‘Dream Bus’ Brings Library to Madison (Wis.) Schools

This photo taken Oct. 23, 2019, shows the Dane County Library Service’s Dream Bus visiting three Madison elementary schools as part of its regular schedule. (Scott Girard /The Capital Times via AP) Photo: THE ASSOCIATED PRESS

Original Article: U.S. News and World Report
Capital Times

October 26, 2019

MADISON, Wis. (AP) — Every Tuesday around 3 p.m., a few Leopold Elementary School students crowd onto a bus parked outside.

Unlike their peers who boarded yellow buses to go home 15 minutes earlier, these students exit the bus still at school. Hopefully, with a book or two in hand.

The Dane County Library Service’s Dream Bus debuted in April, and this fall it has three Madison elementary schools on its regular schedule: Leopold every Tuesday, Mendota every other Wednesday and Sandburg every other Thursday. It also visits C.H. Bird Elementary School in Sun Prairie every other Saturday morning.

Leopold community schools resource coordinator Rosie Gittens said she hopes more families will soon take advantage of the “fairly new” bus, adding that it’s an important opportunity in a neighborhood with few public gathering spaces that also covers two municipalities.


“This is a community that has very little resources,” Gittens told The Capital Times. “We don’t have a library within walking distance, we don’t have a community center. “We have the school and then that’s it.”


The bus, funded through the Madison Public Library Foundation and Goodman Foundation, is a partnership between DCLS and the Madison Public Library system that had been two-and-a-half years in planning, DCLS director Tracy Herold said.

It began with a request for DCLS to use one of its bookmobiles to serve Madison’s Owl Creek neighborhood, whose closest library is in McFarland, and not easily accessible by public transit. While DCLS generally offers services only in communities without a library, Herold said the pilot in Owl Creek is still going three years later, with between five and 12 kids showing up weekly.

That helped inspire the Dream Bus, a new and larger version of a bookmobile that serves schools and parks without easy access to a library. Families can sign up for library cards, check out books and use Wi-Fi on the bus. Herold said they’ve issued 324 cards and had 4,433 items checked out since it began.

“Kids have been pretty excited and families have been pretty excited,” Herold said.


In addition to the schools, the bus visits community centers and parks Monday through Sunday, with regularly scheduled two-hour outings.

A key to families being comfortable accessing it, Herold said, was working with MPL to waive existing fines and fees for overdue books. Gittens and Sandburg librarian Ren Schwab agreed that was helpful, and Gittens said the bus also allows families to use the library system with less concern about finding a bus to get their checked out books returned — instead, they can simply bring them to the bus on Tuesday.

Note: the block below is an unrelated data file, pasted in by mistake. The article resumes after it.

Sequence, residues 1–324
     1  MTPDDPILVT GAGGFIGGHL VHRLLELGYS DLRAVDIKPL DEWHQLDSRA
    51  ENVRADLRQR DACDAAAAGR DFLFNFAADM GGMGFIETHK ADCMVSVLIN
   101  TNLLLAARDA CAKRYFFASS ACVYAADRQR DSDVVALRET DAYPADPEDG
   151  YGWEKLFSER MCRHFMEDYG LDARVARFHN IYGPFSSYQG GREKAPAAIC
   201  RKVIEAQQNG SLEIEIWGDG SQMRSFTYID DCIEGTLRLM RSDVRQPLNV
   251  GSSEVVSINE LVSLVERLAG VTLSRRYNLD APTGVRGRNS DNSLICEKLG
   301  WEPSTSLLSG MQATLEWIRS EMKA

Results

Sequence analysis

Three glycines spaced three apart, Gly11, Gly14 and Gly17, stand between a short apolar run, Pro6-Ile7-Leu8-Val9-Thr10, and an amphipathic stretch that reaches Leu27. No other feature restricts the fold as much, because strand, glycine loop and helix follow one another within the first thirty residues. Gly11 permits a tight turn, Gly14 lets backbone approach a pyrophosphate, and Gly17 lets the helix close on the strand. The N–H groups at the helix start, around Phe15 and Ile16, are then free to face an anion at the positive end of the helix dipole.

“It was really a wonderful thing to encourage students and say, ‘Look, make sure you care for your books, this is a resource that we all need to share, but don’t be afraid of being punished if there’s an accident,'” Schwab said. “That was one of our concerns, but one of the things they were able to alleviate.”


The bus is helping create “well-informed civic actors,” Schwab said, who can “expand beyond the walls of the classroom” and school library, which is itself well-stocked, he said.


“Students can find any book in the world using WorldCat or inter-library loan and then that can be delivered via the book bus,” Schwab said. “To be able to find your own resources and use them, take that knowledge and make the world a better place is what we’re trying to promote, and libraries do help with that.”


It’s also a good lesson in responsibility, Schwab said, as students have to remember to bring their library card on the day the bus is coming.

Herold noted the availability of bilingual books on the bus, whose staffers speak Spanish. That allows the staff and bus to be a resource for the families of the more than 450 English Learner students at the three Madison schools.

It’s a great example of what opportunities a community school can create, Gittens said, and it was quickly appreciated by the students who have used it so far.

“Rather than families having to go and hunt for resources, we try to bring those resources here,” she said. “For a lot of them, it was just this sense of feeling lucky that this was for them.”

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